Returning to our continuing series on the limits of executive authority during times of declared emergencies, there is yet another potentially disturbing story coming to us from the state of Kentucky. A Circuit Court judge there by the name of Angela Bisig has begun issuing orders for ankle monitors to be attached to persons who have been exposed to the novel coronavirus and subsequently refused to observe self-quarantine measures. One person, in particular, a man only being referred to by the initials D.L. lives with an individual who has tested positive for the virus and another who is presumed to be positive. But despite that fact, D.L. has reportedly been leaving home “often.” This resulted in the order for him to wear the tracking device for two weeks. (The Hill)

About a week ago, D.L. was ordered to self-quarantine for 14 days, the amount of time it takes for an infected individual to exhibit symptoms of the coronavirus. Family members, however, said he leaves his home often.

Bisig ordered the state’s Department of Corrections to place an ankle monitor on D.L., who will face criminal charges if they leave the house again.

CNN cites local outlet WDRB as reporting that other Louisville residents were ordered to don ankle monitors as well after they refused to self-isolate. These individuals were also reported as either having the coronavirus or being in contact with the coronavirus.

It appears that D.L. isn’t the only one acting in a reckless fashion. A separate group of younger people reportedly threw a “coronavirus party” which resulted in at least one person testing positive for the virus.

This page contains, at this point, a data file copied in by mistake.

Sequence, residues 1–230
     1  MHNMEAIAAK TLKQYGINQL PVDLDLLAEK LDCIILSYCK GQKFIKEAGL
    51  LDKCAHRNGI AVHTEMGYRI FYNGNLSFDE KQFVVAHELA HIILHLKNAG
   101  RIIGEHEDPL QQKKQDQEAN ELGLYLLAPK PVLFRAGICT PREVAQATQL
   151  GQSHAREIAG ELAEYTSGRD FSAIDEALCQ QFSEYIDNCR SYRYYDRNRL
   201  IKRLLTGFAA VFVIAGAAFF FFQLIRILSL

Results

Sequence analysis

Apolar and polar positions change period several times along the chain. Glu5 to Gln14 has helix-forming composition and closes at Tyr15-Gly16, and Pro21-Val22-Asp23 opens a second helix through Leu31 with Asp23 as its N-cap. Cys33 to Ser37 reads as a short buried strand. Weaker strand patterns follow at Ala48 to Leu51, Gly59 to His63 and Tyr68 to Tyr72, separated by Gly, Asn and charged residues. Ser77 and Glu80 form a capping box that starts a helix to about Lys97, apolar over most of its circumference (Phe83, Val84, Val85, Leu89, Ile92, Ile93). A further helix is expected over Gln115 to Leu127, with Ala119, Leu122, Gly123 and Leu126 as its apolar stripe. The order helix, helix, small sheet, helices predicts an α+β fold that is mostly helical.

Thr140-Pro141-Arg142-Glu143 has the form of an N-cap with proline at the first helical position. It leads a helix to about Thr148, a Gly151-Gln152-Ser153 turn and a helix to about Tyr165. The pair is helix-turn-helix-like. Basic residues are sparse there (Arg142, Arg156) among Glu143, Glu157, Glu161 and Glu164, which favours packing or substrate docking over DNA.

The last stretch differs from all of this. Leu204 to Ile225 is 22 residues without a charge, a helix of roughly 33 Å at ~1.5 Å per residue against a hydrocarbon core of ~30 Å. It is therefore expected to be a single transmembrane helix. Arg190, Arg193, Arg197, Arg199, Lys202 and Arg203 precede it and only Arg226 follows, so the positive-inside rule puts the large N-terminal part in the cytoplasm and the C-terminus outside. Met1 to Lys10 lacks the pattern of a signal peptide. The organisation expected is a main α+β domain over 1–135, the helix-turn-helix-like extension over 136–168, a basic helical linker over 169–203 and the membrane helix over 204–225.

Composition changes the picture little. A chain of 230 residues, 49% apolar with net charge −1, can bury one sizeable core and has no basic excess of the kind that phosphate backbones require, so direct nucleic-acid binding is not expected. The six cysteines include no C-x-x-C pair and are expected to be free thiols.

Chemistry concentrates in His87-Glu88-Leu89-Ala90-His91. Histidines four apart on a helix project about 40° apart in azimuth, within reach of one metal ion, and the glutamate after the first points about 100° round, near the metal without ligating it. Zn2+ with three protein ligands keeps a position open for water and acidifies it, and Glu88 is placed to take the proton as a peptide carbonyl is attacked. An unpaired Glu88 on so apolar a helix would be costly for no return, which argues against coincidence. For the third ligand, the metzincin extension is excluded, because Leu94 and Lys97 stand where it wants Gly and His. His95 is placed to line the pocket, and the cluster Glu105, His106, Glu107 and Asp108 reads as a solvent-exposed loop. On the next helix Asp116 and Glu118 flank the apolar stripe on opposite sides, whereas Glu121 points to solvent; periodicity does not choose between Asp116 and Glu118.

You can call such actions inconsiderate, reckless or even stupid if you wish. But once again, stupidity still isn’t a crime. Or at least it wasn’t until we ran into a national crisis like this and governors began trampling on any number of constitutional rights, including restricting the free movement of citizens.

I’m not discounting the importance of having people follow these instructions intended to slow the spread of the disease. You don’t need to look any further than New York City to see how quickly things can spiral out of control when people don’t want to contribute to minimizing the spread of the virus. But at the same time, the idea of locking an ankle monitor on someone for the crime of leaving their house and throwing them in jail if they don’t comply can’t simply be accepted as the new normal.

We have governors and even mayors issuing orders these days that are resulting in the closure of gun shops, the shuttering of churches, mosques and synagogues and entire communities being converted into ghost towns full of hermits who barely leave their homes. True, these actions are being taken in the name of promoting the greater good and saving lives. But almost without exception, these orders are being issued without the appropriate legislative bodies passing a singe law or warning the executives in question that such actions must be limited in both scope and duration to the greatest extent possible.

I am reminded of the Powell Doctrine that came into vogue during the runup to the first gulf war. Before taking any drastic action that will have lasting consequences, always make sure that you’ve defined not only the necessity of your actions but the scope of them as well. All of these sweeping executive orders should have an expiration date baked into them from the start, with a defined way of knowing when the crisis has passed and the orders will no longer be in effect. That’s not happening in all cases yet and legislatures at all levels should be prepared to intervene and demand those protections for their citizens.